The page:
Jamaica crafting 10-year plan towards universal access to health and universal health coverage
As part of its goal towards achieving universal access to health and universal health coverage, this year Jamaica will begin steps toward crafting a 10-year development plan for the sector.
The plan will be developed through Cabinet's approval of the Primary Health Care Renewal Policy.
"This will result in a quantum shift in the way we offer health care in Jamaica," Health Minister Dr Fenton Ferguson announced yesterday.
Speaking at the Jamaica Conference Centre in downtown Kingston, during the opening ceremony of a two-day, high-level meeting on universal access to health and universal health coverage with representatives from several international health authorities and agencies, he said this was the latest measure in a number of steps Jamaica has already taken towards achieving that goal.
"Jamaica has been putting the necessary measures in place towards universal health coverage and will continue to do so within our limitations and resources and at the pace that best suits the needs of our people," Ferguson stated.
Among the measures he
outlined that are already in place were decentralisation of the health-management structure; increased access to pharmaceuticals; renewal of the primary health-care infrastructure; improvement of the secondary health-care infrastructure; increased equipment in the health sector and the establishment of the National Health Fund.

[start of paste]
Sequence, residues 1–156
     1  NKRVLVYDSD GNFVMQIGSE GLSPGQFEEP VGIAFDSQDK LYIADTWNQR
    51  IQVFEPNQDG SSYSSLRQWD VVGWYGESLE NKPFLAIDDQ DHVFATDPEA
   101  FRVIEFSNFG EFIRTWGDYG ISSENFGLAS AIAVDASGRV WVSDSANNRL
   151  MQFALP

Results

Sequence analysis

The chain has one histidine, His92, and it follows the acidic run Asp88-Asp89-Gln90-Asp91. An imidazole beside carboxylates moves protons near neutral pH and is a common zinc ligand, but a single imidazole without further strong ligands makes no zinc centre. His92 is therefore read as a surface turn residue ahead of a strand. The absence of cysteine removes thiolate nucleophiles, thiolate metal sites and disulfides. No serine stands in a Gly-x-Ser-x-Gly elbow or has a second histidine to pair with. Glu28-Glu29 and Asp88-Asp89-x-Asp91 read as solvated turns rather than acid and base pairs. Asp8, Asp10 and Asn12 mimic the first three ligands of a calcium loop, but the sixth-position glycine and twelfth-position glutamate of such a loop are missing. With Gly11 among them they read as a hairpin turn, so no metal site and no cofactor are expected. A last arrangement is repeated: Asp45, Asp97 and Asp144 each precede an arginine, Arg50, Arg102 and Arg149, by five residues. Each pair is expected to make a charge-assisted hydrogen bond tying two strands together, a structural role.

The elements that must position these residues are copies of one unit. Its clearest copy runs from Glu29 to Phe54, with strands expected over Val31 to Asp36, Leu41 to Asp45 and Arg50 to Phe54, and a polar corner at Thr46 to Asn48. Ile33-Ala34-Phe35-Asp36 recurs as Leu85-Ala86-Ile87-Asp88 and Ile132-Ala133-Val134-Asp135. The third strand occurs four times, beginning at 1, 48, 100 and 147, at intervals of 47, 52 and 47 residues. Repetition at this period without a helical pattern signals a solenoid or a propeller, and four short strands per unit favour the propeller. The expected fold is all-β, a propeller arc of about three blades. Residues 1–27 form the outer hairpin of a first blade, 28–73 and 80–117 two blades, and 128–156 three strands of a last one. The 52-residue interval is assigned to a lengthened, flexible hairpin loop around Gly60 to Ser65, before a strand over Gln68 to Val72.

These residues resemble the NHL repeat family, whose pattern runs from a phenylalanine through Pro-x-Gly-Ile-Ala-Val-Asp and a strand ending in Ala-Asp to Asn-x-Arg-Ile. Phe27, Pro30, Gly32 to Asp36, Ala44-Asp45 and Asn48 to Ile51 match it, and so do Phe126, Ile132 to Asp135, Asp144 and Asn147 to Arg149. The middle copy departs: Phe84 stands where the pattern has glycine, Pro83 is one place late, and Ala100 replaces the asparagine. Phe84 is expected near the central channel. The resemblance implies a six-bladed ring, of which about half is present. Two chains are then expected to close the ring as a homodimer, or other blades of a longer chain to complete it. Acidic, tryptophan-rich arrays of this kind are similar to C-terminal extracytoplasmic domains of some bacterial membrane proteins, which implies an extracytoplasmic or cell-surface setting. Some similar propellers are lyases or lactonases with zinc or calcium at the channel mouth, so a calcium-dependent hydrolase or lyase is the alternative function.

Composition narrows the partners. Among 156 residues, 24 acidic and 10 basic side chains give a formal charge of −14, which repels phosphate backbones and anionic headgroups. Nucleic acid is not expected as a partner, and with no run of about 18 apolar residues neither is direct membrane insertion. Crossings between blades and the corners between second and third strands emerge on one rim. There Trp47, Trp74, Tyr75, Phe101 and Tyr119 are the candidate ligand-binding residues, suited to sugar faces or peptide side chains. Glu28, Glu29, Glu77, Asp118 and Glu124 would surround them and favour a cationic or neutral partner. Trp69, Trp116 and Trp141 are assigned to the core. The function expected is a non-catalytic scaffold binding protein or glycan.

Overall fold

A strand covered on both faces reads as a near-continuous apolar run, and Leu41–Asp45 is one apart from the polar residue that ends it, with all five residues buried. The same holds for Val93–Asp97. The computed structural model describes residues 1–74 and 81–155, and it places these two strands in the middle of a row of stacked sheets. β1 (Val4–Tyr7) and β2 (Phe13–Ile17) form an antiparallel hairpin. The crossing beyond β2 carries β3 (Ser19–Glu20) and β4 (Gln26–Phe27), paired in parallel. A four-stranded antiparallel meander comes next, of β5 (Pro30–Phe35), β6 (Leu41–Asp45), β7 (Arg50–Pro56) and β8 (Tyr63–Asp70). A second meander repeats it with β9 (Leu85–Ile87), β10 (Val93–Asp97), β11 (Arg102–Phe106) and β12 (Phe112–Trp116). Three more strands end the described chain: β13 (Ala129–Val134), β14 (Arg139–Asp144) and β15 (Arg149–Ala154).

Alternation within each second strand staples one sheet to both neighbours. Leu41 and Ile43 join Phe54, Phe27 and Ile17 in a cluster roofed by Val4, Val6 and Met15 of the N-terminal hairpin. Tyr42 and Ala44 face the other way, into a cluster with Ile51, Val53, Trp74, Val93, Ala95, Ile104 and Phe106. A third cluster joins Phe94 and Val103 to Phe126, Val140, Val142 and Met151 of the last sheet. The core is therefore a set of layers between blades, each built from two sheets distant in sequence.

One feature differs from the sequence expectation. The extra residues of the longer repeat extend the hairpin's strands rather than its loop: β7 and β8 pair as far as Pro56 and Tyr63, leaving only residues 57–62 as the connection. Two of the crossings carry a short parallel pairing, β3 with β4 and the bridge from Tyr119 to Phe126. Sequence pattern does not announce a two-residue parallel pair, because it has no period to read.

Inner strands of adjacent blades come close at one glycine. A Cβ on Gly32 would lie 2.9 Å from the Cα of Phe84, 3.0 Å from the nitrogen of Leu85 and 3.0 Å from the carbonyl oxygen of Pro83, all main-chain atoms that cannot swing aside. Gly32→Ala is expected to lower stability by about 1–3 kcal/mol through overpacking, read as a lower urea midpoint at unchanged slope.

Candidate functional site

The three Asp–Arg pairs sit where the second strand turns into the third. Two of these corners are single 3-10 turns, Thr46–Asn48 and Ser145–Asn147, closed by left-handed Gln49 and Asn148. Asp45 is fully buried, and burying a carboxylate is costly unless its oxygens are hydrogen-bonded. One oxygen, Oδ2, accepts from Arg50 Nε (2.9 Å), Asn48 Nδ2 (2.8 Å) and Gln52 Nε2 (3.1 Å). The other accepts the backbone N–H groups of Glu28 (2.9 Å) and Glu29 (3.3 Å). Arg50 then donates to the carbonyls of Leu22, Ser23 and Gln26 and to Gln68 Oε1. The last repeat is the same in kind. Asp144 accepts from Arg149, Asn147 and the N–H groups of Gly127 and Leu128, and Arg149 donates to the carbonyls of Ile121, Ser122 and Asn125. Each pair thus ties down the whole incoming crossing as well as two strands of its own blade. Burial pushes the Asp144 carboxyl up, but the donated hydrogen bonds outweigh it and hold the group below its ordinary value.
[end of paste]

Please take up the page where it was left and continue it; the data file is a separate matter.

"The health of the nation determines the productivity of our citizens and the productivity of our citizens will guide the pace at which we move to make improvements to several aspects of our society," Ferguson said.
Acknowledging that achieving universal access to health and universal health coverage required strong multi-sectoral input, intervention and approach, the minister emphasised that although it was part of the country's Vision 2030 goals, it was not a destination but an essential journey on which Jamaica must embark, bearing in mind that health was dynamic and diverse.
Jamaica is the first English-speaking Caribbean island to be visited for this exercise by the international health authorities and agencies' representatives.
The two-day consultation on Jamaica achieving universal access to health and universal health coverage examined a number of issues.
Dr Noreen Jack, Pan American Health Organization (PAHO)/
World Health Organization (WHO) representative for Jamaica, said this was a historic moment for the country and its people.
"Last year September, the member states of the Pan American Health Organization adopted the resolution of universal access to health and universal health coverage at the directing council meeting in Washington, DC, (United States). Countries expressed commitment to embark on a process to initiate national high-level dialogue and develop a national road map towards advancing universal access to health and universal health coverage. Jamaica is the first of the English-speaking countries to move forward with this process," said Jack.
She added: "Universal access to health and universal health coverage is one of the most powerful policy options to enable health to all persons, irrespective of gender, ethnicity, disabilities and sexual orientation in a context of equity and human rights."
Jack said PAHO was committed to journeying with Jamaica towards achieving universal access to health and universal health coverage.